ADA Laws and In-Laws
On one hand, maneuvering around public spaces seems to get easier every year. The flight attendants on Delta Airlines know us by name and it’s been some time since I’ve needed to explain to the taxi driver that he is legally required to allow my dog in his cab.
But, spending holidays with family and friends occasionally requires negotiation of private spaces and relationships for which no federal law applies. Here’s the letter I wish I had the nerve to send to my family in advance of our visit.
Dear loving relative,
I look forward to being a guest in your home over the holidays and I’m grateful to participate in our extended family celebrations. But, here are some things that you should remember:
My guide dog, Alberta, will be with me. She will not bite your pet poodle, chase your cat or growl at your children. She will be tempted by appetizers put on the coffee table at nose height, but if you tell me when you put them out, I will tell her not to touch them. And, yes, she will leave dog hair in your house. I will take her outside every morning to brush her, just as I do at home, but Guiding Eyes has yet to solve the genetic puzzle of how to breed a Labrador who does not shed.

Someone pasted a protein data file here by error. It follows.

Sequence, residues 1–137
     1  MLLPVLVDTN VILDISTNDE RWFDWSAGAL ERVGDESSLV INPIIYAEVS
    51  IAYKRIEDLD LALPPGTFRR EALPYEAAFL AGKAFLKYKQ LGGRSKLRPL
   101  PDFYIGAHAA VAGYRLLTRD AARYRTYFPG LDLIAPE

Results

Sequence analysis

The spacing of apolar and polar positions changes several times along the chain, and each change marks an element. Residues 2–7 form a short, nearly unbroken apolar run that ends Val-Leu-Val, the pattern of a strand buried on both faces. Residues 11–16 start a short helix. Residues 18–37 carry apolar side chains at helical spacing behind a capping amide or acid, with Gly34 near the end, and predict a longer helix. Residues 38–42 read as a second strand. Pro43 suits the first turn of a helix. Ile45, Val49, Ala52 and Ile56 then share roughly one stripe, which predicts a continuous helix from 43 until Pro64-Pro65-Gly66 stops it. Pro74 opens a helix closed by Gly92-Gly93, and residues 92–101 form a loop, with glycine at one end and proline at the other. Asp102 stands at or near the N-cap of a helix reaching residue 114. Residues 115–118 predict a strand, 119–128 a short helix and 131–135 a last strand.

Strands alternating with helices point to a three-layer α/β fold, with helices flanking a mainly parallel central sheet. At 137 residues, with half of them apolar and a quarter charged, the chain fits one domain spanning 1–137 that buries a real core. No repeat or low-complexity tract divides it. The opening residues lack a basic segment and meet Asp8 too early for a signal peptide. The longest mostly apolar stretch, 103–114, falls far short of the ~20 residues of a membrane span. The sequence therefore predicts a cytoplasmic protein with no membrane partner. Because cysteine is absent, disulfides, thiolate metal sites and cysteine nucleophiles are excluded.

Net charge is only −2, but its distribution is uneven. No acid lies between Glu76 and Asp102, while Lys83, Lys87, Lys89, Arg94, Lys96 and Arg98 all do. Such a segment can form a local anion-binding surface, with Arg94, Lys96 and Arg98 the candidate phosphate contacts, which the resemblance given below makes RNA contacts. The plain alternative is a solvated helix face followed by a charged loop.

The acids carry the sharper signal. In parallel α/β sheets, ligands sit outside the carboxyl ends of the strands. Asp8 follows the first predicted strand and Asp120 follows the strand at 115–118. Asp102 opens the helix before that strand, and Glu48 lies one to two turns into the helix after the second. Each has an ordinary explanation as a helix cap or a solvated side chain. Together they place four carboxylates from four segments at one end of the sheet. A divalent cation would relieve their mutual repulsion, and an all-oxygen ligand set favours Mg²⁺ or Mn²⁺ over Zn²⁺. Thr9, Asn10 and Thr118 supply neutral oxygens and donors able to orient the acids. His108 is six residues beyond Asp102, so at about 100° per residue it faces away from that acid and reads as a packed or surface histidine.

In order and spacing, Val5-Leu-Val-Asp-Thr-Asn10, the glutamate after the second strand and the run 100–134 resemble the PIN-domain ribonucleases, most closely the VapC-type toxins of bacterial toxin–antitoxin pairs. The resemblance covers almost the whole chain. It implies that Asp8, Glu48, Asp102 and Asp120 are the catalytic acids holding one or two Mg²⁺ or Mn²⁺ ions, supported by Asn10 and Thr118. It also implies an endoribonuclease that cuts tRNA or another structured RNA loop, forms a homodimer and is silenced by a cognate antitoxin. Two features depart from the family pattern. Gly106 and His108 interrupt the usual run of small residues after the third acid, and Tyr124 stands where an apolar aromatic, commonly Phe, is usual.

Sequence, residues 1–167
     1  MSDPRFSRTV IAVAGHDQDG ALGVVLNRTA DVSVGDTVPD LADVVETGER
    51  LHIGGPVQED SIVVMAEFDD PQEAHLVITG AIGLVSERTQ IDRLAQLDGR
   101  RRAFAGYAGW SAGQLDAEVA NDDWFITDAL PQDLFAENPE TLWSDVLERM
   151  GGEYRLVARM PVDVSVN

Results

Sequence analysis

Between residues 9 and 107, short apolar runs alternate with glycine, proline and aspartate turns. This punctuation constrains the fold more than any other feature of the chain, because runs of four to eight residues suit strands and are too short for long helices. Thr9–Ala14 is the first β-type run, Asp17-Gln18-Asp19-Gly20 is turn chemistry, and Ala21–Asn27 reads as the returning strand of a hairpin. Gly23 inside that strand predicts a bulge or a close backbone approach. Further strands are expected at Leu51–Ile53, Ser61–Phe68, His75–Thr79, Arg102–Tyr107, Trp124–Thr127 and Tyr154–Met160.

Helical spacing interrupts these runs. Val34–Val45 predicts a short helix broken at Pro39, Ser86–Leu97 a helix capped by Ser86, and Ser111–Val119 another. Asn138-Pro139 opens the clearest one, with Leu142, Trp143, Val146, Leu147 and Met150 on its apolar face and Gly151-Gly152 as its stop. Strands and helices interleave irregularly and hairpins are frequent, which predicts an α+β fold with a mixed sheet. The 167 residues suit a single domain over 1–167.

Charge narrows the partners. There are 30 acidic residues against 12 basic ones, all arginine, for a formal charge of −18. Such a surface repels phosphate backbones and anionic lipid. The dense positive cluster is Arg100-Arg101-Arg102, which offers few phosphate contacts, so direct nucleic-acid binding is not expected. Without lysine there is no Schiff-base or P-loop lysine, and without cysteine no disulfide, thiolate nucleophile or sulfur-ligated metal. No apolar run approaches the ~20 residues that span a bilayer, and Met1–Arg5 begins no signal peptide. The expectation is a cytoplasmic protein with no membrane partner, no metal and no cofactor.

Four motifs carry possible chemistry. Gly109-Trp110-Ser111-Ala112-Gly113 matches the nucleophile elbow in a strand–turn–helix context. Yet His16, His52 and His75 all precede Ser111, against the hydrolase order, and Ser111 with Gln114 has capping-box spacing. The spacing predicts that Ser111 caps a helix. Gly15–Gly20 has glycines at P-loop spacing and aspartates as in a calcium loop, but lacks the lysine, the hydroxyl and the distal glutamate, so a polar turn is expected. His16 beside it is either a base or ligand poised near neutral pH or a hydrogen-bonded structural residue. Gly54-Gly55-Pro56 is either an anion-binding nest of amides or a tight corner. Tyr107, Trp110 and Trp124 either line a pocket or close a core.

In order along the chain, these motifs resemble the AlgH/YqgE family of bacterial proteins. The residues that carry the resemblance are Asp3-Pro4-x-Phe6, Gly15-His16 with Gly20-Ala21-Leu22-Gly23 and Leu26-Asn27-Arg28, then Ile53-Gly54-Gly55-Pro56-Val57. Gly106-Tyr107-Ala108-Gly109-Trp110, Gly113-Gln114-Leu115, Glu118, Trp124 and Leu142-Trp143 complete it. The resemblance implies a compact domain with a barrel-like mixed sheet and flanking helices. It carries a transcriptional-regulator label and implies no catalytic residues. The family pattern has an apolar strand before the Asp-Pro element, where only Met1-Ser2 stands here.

No matter what you feed your pets, please do not feed Alberta ANYTHING. If you like, I can describe in detail what it is like traveling the day after Christmas with a dog who has diarrhea.
Please do not touch Alberta or take her anywhere without my permission. I know that you think that you are doing me a favor by taking her out in the morning or letting her out of the bedroom because your kids want to play with her. But, it is disconcerting for me to wake up in a strange place and find that my dog is not where I left her when I went to sleep.
Don’t tell me that the nice restaurant where we’re having Sunday brunch is not an appropriate place for my guide dog. I’m happy to call ahead and reserve a table in the corner so that I can keep Alberta out of the way of foot traffic. Thanks to my guide dog, we’ll get the best seats in the house. And I am happy to assume that people stare because they are admiring my beautiful, well-bred and well-trained guide dog.
And most importantly, do not tell me that I can’t take my guide dog to church. If your religious community would not celebrate Alberta and me attending Christmas Eve services, it is no place that I want to be. God knows that this dog is the biggest blessing of my life. Every prayer I breathe every day includes thanks for my wonderful dog, her puppy raisers and Guiding Eyes for the Blind.